Linked by Thom Holwerda on Mon 21st Mar 2011 22:52 UTC, submitted by ephracis
Legal Since competing on merit is looked down upon in the computer and software world, companies in this business usually go for the blindfolded chick with the scale and sword. Up until recently, Microsoft didn't go for the whole patent litigation thing, but now that they've tasted some, they want more. They just sued Barnes & Noble, Foxconn, and Inventec for patent infringement because they use Android.
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RE[5]: Patent Infringement
by lemur2 on Tue 22nd Mar 2011 01:10 UTC in reply to "RE[4]: Patent Infringement"
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Yes, you're right. Suing over patent infringement is about quashing competition. But that's the point of patents: the government grants you time-limited monopoly status over a particular idea, and excludes others with the force of the law. That said, just because it's about quashing competition does't mean it's bad. Inventors deserve to be compensated for their inventions. You disagree, obviously, but so what. The law is on my side.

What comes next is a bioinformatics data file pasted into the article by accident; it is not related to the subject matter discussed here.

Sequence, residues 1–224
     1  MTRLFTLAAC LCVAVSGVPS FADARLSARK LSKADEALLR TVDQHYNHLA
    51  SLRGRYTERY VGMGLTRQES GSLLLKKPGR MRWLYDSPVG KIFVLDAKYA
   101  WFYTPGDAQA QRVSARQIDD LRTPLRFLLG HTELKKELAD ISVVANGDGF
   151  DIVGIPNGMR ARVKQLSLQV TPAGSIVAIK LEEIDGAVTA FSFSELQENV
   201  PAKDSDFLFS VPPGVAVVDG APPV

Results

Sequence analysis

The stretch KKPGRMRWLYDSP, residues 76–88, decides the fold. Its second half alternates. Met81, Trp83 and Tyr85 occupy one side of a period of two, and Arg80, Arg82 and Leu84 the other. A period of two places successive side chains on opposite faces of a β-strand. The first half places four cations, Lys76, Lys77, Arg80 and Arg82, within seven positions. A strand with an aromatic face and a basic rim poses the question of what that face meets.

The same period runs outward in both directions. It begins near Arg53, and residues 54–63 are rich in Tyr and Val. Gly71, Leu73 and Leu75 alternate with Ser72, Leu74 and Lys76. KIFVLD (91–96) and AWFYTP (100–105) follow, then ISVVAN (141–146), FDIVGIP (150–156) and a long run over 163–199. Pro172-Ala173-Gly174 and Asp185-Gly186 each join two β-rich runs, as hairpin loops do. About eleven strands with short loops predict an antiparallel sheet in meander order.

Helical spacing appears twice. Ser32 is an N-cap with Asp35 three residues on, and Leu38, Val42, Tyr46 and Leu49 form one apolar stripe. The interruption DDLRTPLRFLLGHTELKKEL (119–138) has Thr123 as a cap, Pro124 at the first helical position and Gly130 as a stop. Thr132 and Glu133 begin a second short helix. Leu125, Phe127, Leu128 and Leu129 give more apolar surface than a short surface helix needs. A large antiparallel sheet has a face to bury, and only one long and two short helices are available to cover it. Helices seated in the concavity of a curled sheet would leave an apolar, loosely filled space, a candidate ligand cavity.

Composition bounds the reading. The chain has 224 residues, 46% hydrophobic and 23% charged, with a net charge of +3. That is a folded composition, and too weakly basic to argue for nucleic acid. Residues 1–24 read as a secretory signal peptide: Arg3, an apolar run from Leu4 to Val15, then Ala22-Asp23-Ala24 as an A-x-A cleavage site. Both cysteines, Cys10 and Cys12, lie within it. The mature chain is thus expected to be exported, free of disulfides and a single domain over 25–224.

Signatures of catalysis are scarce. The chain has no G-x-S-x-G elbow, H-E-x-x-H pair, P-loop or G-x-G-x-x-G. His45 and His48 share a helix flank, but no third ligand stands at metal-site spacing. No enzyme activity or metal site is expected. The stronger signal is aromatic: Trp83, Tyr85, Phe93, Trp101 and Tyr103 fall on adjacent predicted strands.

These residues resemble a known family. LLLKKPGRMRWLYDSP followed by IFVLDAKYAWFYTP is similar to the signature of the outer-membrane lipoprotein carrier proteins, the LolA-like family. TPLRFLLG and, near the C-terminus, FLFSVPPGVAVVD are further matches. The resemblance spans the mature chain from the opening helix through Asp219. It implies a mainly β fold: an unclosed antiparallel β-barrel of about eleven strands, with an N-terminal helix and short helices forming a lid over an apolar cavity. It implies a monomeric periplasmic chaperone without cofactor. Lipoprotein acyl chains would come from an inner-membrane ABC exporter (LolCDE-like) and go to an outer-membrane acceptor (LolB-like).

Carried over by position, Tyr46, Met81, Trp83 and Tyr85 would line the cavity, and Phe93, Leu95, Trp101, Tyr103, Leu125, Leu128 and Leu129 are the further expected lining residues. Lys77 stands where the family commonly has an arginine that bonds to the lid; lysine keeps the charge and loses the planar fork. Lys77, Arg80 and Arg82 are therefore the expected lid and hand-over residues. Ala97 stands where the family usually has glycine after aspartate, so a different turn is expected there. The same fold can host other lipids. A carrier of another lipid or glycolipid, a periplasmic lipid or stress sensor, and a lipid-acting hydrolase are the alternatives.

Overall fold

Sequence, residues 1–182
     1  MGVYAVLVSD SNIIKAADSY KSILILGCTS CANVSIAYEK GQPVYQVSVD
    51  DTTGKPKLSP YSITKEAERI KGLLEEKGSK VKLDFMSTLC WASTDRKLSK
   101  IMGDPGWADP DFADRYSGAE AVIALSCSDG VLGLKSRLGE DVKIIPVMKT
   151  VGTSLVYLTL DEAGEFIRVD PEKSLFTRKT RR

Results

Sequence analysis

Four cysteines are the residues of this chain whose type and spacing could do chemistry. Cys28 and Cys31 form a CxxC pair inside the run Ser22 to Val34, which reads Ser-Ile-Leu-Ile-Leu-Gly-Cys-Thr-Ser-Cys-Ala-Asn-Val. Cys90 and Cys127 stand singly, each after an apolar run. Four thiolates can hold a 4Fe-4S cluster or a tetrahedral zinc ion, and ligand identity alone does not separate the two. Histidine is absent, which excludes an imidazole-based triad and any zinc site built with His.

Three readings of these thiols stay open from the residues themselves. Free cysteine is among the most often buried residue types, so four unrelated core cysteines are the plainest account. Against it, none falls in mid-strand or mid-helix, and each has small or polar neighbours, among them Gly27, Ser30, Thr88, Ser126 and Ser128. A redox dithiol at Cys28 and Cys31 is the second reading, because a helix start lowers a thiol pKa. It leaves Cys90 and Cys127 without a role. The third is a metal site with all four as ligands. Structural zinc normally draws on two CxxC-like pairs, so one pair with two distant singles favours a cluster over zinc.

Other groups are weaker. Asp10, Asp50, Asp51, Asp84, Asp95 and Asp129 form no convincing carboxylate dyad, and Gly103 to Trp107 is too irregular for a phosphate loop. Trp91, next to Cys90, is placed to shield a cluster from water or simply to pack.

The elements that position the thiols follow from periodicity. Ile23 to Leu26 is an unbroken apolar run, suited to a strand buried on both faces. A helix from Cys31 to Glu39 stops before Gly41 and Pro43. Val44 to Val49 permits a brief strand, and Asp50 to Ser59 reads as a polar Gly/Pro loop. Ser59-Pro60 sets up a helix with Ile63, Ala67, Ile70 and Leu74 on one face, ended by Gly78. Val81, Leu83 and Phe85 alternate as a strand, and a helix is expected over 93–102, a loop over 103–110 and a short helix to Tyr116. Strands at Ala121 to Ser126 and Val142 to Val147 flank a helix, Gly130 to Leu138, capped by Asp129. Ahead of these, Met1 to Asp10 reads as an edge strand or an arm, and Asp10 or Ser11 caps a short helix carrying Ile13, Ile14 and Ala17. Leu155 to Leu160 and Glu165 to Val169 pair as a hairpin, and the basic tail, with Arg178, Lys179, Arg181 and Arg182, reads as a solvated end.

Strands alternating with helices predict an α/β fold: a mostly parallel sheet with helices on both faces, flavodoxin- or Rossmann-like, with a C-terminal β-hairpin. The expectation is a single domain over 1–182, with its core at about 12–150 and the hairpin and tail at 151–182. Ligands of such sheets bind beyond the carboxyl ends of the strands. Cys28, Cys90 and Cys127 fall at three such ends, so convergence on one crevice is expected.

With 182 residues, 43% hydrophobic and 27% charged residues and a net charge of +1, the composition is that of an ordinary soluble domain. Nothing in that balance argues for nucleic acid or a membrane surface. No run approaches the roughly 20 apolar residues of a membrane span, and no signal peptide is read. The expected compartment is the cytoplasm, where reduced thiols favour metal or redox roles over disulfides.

Here is a reasonable summary:

From that opinion: "Hint - "Enable display of a webpage's content before the background image is received, allowing users to interact with the page faster" is something that anyone with a slow modem and Netscape 2.0 had no choice over - that's how it worked, and predates the patent application date.

The rest of the patents are equally silly. For example, the one about tabs and navigation is anticipated by any web page using frames. Also anticipated by lots of game interfaces.

Prediction: The patents will be show to be invalid, but in the meantime the usual suspects make all sorts of foolish noises."

If the patent claims get thrown out, as there seems at first galnce to be a very good chance, then Microsoft is a sitting duck for tortiuous interference and antitrust counterclaims.

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